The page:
Manchester United will not win the Premiership by playing beautiful football this season – first they need to find their tough attitude, their fighting spirit and most importantly, their desire to win at any cost.
We can always play pretty later.
The media’s image of Manchester United’s glory years is a fabricated social memory of the 99′ team.
A crack midfield manned by Giggs, Keane, Scholes and Beckham, with Cole and Yorke the consummate strikers topping up the 4-4-2 and a fluid, counter-attacking, never-say-die approach to the game that shook everyone out of their sleep in the Premiership.
Those four midfielders, at their peak, were four of the best players Manchester United has ever seen and truly, United were great then.
But time mellows memories and helps us remember only the overall plot – our success rubs off on our incomplete memories and fills in the gaps, making a talented but arguably limited midfield into giants and heroes.
I don’t remember an all-conquering, all-powerful Manchester United.
The Manchester United I remember were always playing better than they were supposed to – a team that was moderately skilled but played with a drive and hunger that helped it overhaul more talented sides. This drive was imbued in the team by Ferguson and displayed on the pitch by Keane, Beckham, Giggs, Neville, Scholes, Butt and co.
Yes, they were really good players. But their success on this pitch came from playing fantastically well as a unit, and in adapting that ‘pack of hunting dogs’ mentality in attack and defence that Ferguson preached and asked for. Manchester United defended in numbers, attacked in droves, fought for the ball on every inch of the pitch and from start to finish were pushing the opposition to the limit.
It was a side that played out of their skins, better than they were expected to, better than they had a right to, better than they were able to (if that makes sense).
And it is this memory that makes today’s Manchester United all the more painful to watch.
We still have the talent – In Saha and Rooney Manchester United have a top-notch front-line, our defence is strong and at full strength the midfield of Carrick, Scholes, Giggs and Ronaldo is pretty good.
In Rooney and Ronaldo we still have the ability to change the game in a matter of seconds, and with the new Giggs-Saha-Ronaldo axis we can control games at will.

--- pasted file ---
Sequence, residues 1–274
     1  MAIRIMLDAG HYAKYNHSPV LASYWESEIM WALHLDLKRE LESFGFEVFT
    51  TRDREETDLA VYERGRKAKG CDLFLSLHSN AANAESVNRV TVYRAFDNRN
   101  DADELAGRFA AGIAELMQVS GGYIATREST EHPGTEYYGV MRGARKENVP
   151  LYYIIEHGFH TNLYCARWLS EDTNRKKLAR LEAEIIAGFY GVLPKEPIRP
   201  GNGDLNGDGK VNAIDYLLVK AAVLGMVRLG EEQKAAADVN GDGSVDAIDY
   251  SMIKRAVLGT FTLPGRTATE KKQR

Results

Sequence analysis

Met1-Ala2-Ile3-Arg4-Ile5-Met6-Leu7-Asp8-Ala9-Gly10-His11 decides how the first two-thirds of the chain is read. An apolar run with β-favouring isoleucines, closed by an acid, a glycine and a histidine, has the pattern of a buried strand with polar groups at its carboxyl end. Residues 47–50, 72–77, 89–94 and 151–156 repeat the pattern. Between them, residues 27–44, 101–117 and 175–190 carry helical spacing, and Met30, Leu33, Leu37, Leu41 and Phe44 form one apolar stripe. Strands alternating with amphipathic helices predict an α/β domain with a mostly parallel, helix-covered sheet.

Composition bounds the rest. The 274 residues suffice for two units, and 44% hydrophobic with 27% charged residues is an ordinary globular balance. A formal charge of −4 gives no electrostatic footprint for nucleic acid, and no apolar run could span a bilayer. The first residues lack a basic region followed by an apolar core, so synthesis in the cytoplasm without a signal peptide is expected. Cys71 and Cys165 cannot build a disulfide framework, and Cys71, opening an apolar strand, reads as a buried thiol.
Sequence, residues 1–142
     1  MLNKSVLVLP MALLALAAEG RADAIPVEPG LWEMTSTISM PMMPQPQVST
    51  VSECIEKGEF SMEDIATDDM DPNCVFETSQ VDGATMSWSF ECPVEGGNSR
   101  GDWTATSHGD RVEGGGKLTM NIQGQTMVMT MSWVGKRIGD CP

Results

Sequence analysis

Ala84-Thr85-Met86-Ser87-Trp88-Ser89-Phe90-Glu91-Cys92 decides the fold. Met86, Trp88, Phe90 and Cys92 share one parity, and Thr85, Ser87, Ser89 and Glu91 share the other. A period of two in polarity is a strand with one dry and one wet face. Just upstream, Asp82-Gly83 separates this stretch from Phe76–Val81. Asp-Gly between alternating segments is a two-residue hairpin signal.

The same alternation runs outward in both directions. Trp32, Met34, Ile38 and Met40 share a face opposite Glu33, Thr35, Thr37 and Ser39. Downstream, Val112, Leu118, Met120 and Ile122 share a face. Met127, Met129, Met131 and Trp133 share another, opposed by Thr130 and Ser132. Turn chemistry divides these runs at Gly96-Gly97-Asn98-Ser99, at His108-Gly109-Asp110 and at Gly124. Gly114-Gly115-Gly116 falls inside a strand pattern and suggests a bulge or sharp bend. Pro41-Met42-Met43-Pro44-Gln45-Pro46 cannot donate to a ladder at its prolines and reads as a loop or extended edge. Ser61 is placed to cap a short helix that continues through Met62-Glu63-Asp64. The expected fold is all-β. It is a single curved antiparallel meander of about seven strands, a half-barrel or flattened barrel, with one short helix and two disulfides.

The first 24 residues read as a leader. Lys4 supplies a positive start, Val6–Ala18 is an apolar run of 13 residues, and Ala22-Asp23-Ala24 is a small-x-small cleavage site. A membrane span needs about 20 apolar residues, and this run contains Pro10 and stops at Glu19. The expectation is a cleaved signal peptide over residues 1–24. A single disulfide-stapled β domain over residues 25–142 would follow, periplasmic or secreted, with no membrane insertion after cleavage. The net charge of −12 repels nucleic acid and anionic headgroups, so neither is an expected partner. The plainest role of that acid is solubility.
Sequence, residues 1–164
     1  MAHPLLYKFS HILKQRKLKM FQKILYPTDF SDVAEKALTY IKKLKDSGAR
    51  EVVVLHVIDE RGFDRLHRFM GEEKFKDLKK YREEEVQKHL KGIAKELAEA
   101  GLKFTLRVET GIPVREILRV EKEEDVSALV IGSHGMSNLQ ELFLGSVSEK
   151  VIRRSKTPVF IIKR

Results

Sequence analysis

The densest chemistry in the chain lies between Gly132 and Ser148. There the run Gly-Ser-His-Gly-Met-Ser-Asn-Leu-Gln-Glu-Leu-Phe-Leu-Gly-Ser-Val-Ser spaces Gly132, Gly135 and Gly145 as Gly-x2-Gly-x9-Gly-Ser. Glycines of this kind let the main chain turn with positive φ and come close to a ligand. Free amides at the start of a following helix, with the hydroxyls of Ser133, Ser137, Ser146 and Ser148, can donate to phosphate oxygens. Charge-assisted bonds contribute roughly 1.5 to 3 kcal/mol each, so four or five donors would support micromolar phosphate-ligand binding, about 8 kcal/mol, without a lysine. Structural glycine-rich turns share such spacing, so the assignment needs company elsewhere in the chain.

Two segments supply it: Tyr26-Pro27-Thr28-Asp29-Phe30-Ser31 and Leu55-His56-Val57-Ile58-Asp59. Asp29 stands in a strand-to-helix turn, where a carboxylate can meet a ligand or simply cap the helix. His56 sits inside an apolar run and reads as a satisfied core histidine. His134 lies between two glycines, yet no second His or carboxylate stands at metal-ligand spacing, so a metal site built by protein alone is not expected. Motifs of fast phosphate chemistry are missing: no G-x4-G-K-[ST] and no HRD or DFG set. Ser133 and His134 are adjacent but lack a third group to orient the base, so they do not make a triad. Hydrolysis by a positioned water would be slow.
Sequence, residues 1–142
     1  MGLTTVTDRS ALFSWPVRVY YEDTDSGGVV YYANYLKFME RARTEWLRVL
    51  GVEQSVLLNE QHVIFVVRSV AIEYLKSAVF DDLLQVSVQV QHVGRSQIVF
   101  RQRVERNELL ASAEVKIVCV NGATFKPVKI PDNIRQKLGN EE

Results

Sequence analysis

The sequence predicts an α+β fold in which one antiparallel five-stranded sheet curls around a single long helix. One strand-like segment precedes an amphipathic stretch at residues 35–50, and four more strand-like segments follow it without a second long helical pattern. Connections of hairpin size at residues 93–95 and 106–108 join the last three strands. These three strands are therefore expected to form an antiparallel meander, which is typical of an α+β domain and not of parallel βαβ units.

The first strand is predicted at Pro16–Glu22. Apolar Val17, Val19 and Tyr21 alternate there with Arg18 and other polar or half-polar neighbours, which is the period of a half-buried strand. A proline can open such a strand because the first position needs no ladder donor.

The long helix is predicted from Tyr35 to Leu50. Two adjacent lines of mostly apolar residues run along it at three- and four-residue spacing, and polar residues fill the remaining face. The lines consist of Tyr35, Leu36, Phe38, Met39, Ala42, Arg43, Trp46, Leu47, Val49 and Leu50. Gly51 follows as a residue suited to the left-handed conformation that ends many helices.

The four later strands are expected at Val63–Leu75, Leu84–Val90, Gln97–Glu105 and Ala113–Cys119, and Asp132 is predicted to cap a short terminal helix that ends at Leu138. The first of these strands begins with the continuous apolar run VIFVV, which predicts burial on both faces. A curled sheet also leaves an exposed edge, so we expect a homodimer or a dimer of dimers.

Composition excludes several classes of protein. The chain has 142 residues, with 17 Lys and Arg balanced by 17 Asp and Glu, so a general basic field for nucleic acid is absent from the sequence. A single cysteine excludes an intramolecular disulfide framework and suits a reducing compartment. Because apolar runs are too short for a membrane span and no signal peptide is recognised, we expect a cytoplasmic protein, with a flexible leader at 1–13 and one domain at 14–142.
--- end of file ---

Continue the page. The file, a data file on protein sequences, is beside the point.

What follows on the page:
But there’s something missing from today’s United. Our self-belief is shaken, and as a result, the team can be shaken and then beaten (as Arsenal were able to do). And the Benfica game was a perfect example of this lack of self-belief.
Paul Scholes and Wayne Rooney had bad, bad games on Tuesday. In between mishit passes and some decent defensive work, you saw an appalling lack of desire to chase the ball down. Coming from two of United’s most trusted personnel it was shameful, and at one time it seemed as if Ferguson would cross the touchline and knock Rooney in the head.
Against Benfica United needed a general to bark at the players and get them motivated. Neville is an able leader but if he wants to win another Premiership title he will need to lead on the pitch and that doesn’t mean just putting in the tackles, it also means dressing down the non-performing players and getting to play well again.
Karl had this to say about the game:
Last night as I was watching the ManU game (that shitty first half), I had a realisation…
“This is all we have. It might not be much, but its ALL we have. These guys might not be everyone’s ideal summer recruits, but you have to admit, they are TRYING VERY HARD.”
I could actually see determination on the faces (did you notice Ronaldo and Heinze were the only 2 players that were actually smilling, other than Saha – just after his magnificent goal).
Karl’s made one very good, and another not so good point:
This really is all that we have.
Absolutely right. There’s no point bitching about transfers not made – we have to make do with what we have right now and complaining that we didn’t buy strikers in the past absolves the current playing staff of their responsibility to score goals. It’s up to Rooney to perform, if he doesn’t, he should be kicked and beaten till he does. Or motivated, whatever.
The players, on the most part, are trying really hard.
I’m sorry, but mishitting passes throughout a 90-minute stretch and not even bothering to chase a 50-50 ball (Scholes) is not hard work. Saha was being muscled off the ball with ridiculous ease and Rooney was more content dropping back to cover Heinze than go on runs down the left himself. Ronaldo, for all his brilliance, wasn’t tracking back to defend (although we’ll forgive him that because of his role in the match). Carrick is still finding his way, but that’s no excuse for being anonymous in midfield.
United fans love Alan Smith because of his attitude and drive for the game – he goes into every tackle, every 50-50 ball, chases down all the lost causes. Rooney is usually the same, but he had lost it against Benfica. So had Scholes.
Wenger’s side won the 2003/2004 Premiership by believing that they were the best. Mourinho’s done the same with Chelsea.
It’s not just a battle that’s won on the pitch – it’s a dressing room thing, it’s something drilled into the heads of players throughout training.
United is not the most talented side. Quite honestly, we never were.
But we have always been the side that fought the hardest. He who fights hardest usually wins, and United need that spirit back.
Mr Ferguson, are you listening? In that case…
- Wayne Rooney wants to be a Manchester United hero
- Manchester United need to stop the bleeding
- Manchester United walking a fine line between brilliance and failure